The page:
What we know (and what we don’t) about Alek Minassian

Rosemary Barton of the CBC and Phil Gurski, a former CSIS analyst, discuss the cool-headed way in which van-attack suspect Alek Minassian was arrested. It’s a far cry from the way Sammy Yatim, a Syrian Christian immigrant teenager armed with a knife, was taken down (with eight bullets AND a Taser). Minassian is, obviously, NOT a Syrian; his Armenian name makes that clear. But the officer arresting him also had no way of knowing that, at the time; he simply realized that Minassian didn’t have a gun when he claimed to. We have yet to learn what he had in his hand that he was pointing at the police. But it seems that the police have learned a thing or two — maybe — in how better to handle suspects like Alek Minassian.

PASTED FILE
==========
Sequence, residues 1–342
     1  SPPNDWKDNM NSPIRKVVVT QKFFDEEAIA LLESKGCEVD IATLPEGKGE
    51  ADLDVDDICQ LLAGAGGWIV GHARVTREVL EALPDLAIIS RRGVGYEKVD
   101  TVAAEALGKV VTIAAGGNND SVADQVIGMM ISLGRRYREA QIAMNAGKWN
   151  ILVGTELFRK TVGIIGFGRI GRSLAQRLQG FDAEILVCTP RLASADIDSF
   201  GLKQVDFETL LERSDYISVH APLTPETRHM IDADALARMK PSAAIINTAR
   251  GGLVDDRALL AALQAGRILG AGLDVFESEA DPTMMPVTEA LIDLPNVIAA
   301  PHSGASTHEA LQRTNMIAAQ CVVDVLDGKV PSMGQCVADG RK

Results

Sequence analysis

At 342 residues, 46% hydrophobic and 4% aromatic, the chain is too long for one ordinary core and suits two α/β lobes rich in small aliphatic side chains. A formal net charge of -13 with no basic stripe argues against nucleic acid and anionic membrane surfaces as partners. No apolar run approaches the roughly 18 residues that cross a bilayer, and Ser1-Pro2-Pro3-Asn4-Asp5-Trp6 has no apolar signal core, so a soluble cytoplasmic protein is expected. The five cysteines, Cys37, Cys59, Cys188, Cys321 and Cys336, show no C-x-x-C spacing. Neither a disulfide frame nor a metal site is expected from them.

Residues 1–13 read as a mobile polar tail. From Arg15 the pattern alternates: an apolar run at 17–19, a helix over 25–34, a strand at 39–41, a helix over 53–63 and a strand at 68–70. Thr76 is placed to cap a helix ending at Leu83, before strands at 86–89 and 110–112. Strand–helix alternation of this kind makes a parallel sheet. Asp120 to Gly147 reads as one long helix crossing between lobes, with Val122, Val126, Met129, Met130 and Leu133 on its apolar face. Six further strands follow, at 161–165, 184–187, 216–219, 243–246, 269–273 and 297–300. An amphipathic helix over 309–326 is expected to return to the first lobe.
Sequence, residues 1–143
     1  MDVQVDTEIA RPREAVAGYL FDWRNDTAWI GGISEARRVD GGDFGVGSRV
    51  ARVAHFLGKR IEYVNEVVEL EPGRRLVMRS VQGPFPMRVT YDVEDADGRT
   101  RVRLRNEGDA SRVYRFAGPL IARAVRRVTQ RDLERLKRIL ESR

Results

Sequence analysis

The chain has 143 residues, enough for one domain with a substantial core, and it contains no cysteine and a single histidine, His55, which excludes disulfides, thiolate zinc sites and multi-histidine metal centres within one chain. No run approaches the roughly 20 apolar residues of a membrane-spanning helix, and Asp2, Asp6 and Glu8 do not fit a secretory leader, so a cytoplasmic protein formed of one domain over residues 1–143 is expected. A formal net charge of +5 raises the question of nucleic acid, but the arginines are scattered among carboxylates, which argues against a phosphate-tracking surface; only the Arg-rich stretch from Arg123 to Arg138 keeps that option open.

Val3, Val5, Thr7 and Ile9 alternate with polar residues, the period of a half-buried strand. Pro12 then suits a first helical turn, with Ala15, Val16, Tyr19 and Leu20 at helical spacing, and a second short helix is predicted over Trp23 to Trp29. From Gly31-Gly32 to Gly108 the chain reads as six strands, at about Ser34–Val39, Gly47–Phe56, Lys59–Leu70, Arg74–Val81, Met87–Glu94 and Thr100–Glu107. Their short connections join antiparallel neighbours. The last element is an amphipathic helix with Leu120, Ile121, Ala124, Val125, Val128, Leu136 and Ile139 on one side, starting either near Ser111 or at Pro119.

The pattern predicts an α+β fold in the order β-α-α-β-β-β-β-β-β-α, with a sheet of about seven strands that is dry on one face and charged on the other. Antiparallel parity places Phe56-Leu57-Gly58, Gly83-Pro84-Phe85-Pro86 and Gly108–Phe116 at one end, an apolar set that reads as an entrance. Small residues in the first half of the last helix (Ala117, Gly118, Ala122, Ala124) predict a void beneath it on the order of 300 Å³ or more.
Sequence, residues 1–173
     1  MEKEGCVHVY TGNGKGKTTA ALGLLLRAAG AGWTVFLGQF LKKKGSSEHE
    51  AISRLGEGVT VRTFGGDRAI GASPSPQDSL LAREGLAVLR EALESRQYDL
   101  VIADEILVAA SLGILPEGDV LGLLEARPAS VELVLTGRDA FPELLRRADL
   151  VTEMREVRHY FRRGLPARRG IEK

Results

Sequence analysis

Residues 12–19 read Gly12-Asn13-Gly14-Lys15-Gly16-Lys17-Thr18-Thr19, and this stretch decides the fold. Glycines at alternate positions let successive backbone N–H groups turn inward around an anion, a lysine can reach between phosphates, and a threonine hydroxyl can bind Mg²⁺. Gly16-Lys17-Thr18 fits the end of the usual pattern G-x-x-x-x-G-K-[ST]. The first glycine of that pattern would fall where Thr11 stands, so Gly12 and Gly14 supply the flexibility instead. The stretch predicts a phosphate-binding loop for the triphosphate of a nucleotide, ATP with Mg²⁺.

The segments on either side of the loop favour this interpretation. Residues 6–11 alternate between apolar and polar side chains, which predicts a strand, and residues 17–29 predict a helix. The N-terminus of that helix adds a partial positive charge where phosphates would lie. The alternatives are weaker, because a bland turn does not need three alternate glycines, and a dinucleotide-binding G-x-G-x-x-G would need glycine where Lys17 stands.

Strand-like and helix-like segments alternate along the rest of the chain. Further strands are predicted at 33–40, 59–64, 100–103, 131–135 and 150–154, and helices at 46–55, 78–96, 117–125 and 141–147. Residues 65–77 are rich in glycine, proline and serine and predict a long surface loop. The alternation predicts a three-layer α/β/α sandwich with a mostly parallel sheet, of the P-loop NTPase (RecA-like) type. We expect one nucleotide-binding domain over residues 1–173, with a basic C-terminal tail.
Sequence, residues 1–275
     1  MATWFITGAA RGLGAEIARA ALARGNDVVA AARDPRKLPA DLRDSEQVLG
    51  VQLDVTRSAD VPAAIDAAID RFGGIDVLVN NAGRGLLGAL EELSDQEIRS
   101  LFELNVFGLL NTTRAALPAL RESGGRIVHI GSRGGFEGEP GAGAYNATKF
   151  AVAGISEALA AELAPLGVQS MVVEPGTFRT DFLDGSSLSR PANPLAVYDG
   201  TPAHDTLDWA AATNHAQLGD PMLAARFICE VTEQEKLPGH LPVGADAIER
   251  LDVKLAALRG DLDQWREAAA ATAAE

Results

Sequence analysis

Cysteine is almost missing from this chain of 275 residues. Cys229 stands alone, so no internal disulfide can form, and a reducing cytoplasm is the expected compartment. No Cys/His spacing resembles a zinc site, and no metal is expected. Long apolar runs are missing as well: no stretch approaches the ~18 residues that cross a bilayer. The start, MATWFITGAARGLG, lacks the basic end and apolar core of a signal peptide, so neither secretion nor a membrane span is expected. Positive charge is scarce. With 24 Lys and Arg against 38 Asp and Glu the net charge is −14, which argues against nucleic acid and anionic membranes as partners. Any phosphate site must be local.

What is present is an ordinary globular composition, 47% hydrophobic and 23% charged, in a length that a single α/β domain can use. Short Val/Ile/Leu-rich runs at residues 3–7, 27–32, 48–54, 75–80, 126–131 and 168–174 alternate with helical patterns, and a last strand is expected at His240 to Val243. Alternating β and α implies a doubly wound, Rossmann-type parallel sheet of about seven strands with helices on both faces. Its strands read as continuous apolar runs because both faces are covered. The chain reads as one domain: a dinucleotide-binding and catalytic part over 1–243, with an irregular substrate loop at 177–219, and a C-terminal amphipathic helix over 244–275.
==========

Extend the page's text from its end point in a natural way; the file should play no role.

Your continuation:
There’s a lot we don’t know about Minassian himself yet, but here are some things that we do, and should:

One classmate, who worked on a project with him at Seneca in 2015, described Mr. Minassian as someone with a significant social or mental disability who had a hard time speaking to people, difficulty under pressure, and constant physical tics where he shook his hands and tapped his head.

The man, who did not want to be identified, expressed disbelief that Mr. Minassian would even be capable of renting and piloting an automobile. He said, when he knew him, Mr. Minassian didn’t drive, and didn’t know how a steering wheel worked.

The man said in a text conversation that he did not believe the attack would be politically motivated, saying he suspects his former classmate got into an accident, overreacted and panicked, asking police to shoot him in a video captured on the street by a bystander. The man said he heard that Mr. Minassian could code well.

One Seneca student in computer studies said Mr. Minassian had graduated from the program just last week. The student shared with The Globe and Mail a message Mr. Minassian sent to the group “out of the blue” on April 19 telling off his classmates. He added that he believed Mr. Minassian was at Seneca for seven years because he held down several software development jobs.